29. Cheryl Leo says:

    spirituality is experiencing a liturgy service. local churches are or is a religion. until someone experiences them both than they will understand

  30. Michael Bauman says:

    Yes, Amanda, it can be long but I have found it best to acknowledge their existence and praise God for victory in His Church. The have after all been sent into the pigs.

  31. Cheryl Leo says:

    that is because it is spiritual

  32. TLO says:

    Hi Amanda:

    Please accept the following not as confrontational arguing but as observations from the outside (besides, I don’t want Drewster thinking I’m intentionally being an offensive twit!).

    I may worship a god, but my worship, practice, and ritual does not make that god real.

    I think every agnostic and atheist would agree with this statement and say that it applies across the board.

    …it is true that those who pit religion against spirituality have never had a proper experience of Tradition.

    I think one has to ask about which Tradition you are speaking.

    One could say that the Christians usurped, redefined, or ignored the Hebrew Traditions in much the same way that the Mormons have done to Christian Traditions.

    “Tradition” in and of itself seems to have no intrinsic value. It’s value appears to be found (and defined) by those who choose one over another.

    Which leads to…

    There is such a thing as false religion.

    All my life I have heard sermons that included why “we’re right” and “they’re wrong.” The Protestants think that Orthodox/RC followers are idol worshippers and therefore a “false religion.” (Nevermind how the Muslims, Christians, Jews and Hindus regard one another!)

    I guess what I’m trying to say is that the term “false religion” all depends on the individual’s point of view. There is no objective criterion on which to base such an assessment. Indeed, I think it can be demonstrated that within each religion there are sects that look down on one another as being “false” even though they worship (essentially) the same god.

    =================
    From Webster:

    re·li·gion (noun): a cause, principle, or system of beliefs held to with ardor and faith

    Patriotism certainly falls within that definition.

  33. fatherstephen says:

    TLO,
    You’re kind of stating the obvious – at least I think everyone is aware that everybody else makes truth claims, too. It doesn’t make them all equally wrong, or even relativize their truth claims. I only means, surprisingly, that people tend to think that the things they do are true (or else they wouldn’t do them).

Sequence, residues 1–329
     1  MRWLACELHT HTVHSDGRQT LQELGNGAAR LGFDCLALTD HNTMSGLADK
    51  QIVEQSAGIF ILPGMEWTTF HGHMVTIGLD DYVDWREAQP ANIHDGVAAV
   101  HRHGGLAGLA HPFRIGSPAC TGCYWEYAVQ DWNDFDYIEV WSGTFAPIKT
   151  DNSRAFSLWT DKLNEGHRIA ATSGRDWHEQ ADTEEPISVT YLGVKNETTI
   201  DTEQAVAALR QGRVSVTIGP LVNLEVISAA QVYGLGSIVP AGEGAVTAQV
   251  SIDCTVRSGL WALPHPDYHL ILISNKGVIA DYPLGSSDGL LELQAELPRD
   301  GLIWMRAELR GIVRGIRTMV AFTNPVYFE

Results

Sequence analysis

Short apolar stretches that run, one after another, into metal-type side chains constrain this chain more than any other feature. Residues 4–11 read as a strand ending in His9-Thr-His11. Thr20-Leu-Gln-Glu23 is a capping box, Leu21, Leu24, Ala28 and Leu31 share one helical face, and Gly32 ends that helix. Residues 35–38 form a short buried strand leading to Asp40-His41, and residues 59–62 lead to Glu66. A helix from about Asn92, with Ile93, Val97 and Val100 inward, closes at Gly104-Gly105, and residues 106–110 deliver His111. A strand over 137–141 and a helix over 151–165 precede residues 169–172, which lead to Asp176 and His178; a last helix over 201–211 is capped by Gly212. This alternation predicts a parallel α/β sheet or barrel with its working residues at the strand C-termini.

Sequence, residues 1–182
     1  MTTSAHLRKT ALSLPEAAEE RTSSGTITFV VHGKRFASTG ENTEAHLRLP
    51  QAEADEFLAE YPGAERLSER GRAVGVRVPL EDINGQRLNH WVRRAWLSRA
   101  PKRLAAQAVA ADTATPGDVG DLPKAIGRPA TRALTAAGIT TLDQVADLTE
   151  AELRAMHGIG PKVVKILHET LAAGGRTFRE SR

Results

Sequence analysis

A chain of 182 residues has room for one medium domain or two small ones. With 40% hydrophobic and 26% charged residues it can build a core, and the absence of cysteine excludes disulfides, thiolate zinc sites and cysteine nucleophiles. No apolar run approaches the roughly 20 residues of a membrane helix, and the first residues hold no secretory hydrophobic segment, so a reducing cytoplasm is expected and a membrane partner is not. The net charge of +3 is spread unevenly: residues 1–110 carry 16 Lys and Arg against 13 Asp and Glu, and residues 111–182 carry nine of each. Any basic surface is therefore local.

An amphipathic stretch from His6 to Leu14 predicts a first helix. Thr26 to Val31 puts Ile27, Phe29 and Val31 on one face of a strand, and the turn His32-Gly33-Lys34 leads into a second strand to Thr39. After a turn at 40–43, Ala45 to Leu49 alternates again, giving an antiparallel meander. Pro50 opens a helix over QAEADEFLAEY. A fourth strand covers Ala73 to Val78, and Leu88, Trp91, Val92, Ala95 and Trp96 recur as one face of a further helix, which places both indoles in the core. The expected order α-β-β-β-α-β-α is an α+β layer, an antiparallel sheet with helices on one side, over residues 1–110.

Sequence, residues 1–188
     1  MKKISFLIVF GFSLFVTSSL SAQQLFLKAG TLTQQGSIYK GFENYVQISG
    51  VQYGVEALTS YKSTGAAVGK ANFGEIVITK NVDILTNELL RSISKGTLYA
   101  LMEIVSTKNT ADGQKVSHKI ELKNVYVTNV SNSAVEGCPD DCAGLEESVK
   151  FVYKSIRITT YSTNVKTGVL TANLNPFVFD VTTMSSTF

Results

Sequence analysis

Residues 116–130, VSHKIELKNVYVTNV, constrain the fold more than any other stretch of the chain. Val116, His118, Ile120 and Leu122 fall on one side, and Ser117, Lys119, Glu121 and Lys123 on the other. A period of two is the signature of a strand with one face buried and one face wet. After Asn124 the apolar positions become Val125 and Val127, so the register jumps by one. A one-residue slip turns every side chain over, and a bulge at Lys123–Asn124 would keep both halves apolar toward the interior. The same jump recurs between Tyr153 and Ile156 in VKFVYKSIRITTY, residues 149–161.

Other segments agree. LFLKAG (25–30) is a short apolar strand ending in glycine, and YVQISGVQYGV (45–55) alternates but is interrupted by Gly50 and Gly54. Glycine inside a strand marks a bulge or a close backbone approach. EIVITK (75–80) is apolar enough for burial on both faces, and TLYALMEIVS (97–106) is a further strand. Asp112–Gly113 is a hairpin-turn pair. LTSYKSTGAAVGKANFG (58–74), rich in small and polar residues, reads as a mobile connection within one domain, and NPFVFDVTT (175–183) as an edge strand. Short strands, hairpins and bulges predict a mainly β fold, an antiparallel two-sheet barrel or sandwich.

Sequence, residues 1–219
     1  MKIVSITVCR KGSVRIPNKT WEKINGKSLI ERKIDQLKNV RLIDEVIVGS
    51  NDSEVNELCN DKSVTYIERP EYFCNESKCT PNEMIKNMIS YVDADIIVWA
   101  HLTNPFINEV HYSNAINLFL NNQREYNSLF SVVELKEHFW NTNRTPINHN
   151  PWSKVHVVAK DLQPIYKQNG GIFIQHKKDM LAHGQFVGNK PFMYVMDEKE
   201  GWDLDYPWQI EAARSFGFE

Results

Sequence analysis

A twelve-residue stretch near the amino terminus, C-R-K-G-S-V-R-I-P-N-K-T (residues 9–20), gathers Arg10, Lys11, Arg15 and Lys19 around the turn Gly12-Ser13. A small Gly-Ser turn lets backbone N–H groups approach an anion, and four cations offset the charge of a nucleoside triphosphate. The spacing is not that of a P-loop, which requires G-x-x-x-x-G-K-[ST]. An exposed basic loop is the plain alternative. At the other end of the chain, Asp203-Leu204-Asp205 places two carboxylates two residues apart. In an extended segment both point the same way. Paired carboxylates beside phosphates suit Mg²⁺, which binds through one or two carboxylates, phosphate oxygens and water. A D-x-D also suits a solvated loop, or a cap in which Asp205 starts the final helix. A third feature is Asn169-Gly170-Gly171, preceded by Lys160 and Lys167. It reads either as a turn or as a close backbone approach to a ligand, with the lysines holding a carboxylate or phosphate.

And, I think this is true as well of modern relativizers, only they use the relativizing arguments as a way of keeping other people’s truth claims at arm’s length. It’s a post-modern way of saying, “Go away and don’t bother me.”

  34. Rhonda says:

    I think one has to ask about which Tradition you are speaking. One could say that the Christians usurped, redefined, or ignored the Hebrew Traditions in much the same way that the Mormons have done to Christian Traditions. “Tradition” in and of itself seems to have no intrinsic value. It’s value appears to be found (and defined) by those who choose one over another.

    To those living in our current age, spirituality has been reduced to feeling & emotionalism towards some being; increasingly this is the self, the false ego of which Fr. Stephen has written so eloquently. Tradition has been reduced to history, canons, rules, rituals, dogmas, rituals, “ancient writings by a bunch of dead guys” (as one evangelical told me) & etc. These definitions/perspectives can only come about if the Church is reduced to a mere “earthly institution”, which only happens when the Church forgets who is mystically its head (Christ) & that it is a mystery. If this is truly all there is of spirituality & tradition then yes, it is a matter of choosing what makes you happiest & most fulfilled…If this is truly all there is of spirituality & tradition, then “No, thank you!”